Bruno doesn´t know his father´s profession, but he wears an impressive uniform and they have been visited by a very important man called the Fury. After that visit, Bruno´s father got an even nicer uniform, his title changed to Commandant and they move to a new home at a place called Out-With.
The new home is smaller and always full of soldiers. Bruno doesn´t like it and the worst thing for him is that there is nobody to play with. He has a small window in his bedroom from which he can see a town of people all dressed in striped pyjamas. The strange thing was that they were separated from him by a large fence. He approaches his father about them and asks who they are, he responds that they aren´t really people.
“What exactly was the difference? he wondered to himself. And who decided which people wore the striped pyjamas and which people wore the uniforms?”
One day Bruno is so bored, he decides to go and explore the house´s surroundings, despite the fact that doing so disobeys the rules of his parents. He follows the fence in the way where he thinks the town of the pyjama wearing people should be. After walking for about an hour, he notices a dot in the distance and as he got closer, it turned out to be a boy. Excited about finding someone his age, he introduces himself. The boy´s name is Shmuel. From that point forward, they would meet at the same place almost every day and talk. They become friends and Bruno finds out, that Shmuel too had to leave his home for the same reason: The Fury.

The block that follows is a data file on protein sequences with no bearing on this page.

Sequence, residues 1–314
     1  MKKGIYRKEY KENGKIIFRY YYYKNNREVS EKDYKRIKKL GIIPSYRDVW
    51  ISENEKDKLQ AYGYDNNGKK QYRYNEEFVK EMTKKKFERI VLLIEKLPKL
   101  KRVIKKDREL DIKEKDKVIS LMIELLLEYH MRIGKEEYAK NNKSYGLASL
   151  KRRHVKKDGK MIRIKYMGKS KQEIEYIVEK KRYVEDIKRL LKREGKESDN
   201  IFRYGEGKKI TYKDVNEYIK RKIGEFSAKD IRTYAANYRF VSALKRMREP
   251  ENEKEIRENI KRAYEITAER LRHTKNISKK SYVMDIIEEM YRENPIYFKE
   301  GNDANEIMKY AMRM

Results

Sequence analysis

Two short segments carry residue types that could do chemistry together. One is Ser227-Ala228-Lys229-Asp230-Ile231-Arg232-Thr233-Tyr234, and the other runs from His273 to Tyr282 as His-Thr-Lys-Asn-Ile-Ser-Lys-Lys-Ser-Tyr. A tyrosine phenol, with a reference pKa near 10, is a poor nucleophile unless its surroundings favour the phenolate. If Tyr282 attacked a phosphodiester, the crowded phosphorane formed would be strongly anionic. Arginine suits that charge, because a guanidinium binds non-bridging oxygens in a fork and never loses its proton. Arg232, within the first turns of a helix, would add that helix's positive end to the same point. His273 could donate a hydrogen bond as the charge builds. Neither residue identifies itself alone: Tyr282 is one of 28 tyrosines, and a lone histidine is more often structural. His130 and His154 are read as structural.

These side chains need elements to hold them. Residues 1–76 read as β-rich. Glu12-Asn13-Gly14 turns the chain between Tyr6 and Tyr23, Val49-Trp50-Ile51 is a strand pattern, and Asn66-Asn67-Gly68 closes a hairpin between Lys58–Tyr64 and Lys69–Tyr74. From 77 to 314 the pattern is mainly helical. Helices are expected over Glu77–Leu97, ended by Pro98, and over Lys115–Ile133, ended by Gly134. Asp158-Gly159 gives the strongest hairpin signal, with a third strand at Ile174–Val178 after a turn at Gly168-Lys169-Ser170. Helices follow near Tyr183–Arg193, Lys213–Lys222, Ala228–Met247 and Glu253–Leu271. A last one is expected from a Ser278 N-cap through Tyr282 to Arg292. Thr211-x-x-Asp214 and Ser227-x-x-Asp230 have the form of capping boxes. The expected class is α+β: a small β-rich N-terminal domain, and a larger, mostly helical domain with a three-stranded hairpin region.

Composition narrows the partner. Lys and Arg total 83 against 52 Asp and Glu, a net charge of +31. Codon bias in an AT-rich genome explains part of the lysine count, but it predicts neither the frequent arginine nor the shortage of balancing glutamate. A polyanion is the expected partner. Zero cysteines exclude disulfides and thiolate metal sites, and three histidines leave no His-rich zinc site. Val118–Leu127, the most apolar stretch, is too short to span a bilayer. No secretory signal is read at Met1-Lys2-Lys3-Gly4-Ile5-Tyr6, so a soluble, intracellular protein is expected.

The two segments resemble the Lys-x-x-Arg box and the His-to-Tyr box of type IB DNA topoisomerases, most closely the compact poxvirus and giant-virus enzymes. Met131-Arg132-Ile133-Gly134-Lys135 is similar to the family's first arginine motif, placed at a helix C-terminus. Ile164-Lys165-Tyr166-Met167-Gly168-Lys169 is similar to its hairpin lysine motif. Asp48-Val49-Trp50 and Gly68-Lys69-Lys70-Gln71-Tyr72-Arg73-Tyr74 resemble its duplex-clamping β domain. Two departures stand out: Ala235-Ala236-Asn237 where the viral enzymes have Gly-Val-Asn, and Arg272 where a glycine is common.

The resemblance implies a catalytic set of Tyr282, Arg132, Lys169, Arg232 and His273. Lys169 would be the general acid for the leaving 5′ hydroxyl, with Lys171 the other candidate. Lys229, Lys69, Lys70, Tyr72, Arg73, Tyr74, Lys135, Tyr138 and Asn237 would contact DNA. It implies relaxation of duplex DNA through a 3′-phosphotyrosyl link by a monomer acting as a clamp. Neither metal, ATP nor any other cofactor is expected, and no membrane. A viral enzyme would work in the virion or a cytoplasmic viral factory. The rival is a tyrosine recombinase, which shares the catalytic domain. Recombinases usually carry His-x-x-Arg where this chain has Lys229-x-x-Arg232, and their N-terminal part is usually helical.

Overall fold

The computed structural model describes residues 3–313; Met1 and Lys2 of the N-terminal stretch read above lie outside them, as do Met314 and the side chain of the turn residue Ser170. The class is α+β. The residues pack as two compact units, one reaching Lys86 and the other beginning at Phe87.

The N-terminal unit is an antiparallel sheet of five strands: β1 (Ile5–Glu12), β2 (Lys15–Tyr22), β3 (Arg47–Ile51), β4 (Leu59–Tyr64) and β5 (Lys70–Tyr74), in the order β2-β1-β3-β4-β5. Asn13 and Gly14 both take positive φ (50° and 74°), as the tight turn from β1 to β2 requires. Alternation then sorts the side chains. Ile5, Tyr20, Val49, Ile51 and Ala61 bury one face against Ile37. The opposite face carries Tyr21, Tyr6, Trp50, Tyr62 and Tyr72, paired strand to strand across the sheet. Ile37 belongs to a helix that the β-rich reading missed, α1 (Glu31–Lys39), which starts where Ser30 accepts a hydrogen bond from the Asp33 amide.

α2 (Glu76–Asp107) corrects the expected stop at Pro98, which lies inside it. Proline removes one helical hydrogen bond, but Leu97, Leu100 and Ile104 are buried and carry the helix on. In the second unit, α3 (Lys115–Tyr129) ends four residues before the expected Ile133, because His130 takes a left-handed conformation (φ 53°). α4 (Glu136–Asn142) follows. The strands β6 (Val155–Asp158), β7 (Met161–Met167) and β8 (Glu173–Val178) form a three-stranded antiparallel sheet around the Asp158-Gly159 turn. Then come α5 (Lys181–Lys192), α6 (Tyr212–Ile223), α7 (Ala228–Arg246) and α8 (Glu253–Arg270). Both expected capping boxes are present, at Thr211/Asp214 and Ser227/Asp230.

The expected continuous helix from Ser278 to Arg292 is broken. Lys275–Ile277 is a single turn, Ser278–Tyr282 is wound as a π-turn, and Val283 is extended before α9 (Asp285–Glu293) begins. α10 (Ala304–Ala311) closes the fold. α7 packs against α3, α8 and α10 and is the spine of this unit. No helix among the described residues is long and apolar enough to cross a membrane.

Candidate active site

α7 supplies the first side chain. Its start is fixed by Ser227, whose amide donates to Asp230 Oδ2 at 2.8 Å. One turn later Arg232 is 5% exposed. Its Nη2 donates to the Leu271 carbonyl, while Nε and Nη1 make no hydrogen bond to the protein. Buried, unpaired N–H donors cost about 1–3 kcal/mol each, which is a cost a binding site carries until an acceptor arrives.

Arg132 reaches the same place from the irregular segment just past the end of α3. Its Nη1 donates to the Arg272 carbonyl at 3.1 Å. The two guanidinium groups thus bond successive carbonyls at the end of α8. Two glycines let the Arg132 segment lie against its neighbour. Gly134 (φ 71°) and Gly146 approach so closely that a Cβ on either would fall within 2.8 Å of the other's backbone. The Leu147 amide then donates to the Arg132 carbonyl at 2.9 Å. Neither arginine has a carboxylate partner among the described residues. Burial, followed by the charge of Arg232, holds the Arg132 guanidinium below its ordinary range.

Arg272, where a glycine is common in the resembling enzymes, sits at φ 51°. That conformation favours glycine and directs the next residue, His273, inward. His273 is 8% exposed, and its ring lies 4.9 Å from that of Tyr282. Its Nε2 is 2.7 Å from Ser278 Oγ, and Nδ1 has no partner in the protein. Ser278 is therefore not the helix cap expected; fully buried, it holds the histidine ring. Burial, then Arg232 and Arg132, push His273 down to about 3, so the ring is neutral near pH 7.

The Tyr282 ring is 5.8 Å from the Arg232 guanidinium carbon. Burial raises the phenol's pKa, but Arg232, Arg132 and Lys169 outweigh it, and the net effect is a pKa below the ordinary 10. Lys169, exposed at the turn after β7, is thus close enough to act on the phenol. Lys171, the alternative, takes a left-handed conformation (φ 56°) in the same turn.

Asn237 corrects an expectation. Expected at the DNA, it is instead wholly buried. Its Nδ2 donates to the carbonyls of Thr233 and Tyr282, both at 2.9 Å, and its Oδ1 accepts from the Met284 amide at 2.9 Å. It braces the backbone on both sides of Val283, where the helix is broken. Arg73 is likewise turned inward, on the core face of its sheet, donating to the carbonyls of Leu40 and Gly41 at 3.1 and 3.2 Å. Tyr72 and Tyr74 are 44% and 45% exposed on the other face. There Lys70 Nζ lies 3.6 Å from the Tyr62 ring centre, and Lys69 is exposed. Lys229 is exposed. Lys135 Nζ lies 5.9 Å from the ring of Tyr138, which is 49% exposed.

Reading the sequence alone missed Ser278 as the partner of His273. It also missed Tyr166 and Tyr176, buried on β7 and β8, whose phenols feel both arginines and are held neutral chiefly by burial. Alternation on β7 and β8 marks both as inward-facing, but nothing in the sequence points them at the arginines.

Their friendship destroys ethnic and religious boundaries, but unfortunately it ends in a cruel twist of fate.
“Bruno: We're not supposed to be friends, you and me. We're meant to be enemies. Did you know that? ”
“The thing about exploring is that you have to know whether the thing you've found is worth finding. Some things are just sitting there, minding their own business, waiting to be discovered. Like America. And other things are probably better off left alone. Like a dead mouse at the back of the cupboard.”The story doesn´t need much effort to read and puts you right in to Bruno´s worldview. Author John Boyne warns us that this is a fable, a tale and that it´s not true; even though some moments when we get a glance of the horrors of Auschwitz do show that Boyne stays true to real events of that time.
This story, told from the view of a 9-year-old, affects readers in a couple of different ways: it spares us from most of the horror of Auschwitz, there are some moments of sensible humour such as Bruno´s mistaken pronunciation of Auschwitz (Out-With) and ´Der Führer´ (The Fury), but it also increases the shock we feel for the events of that time. It gives us a new perspective and a story a story that invokes empathy, although we will never understand what it was like.
This book will raise some thought-provoking questions and you will likely think about it for a long time after you finished reading it, which isn´t bad, so don´t banish the thought of reading it.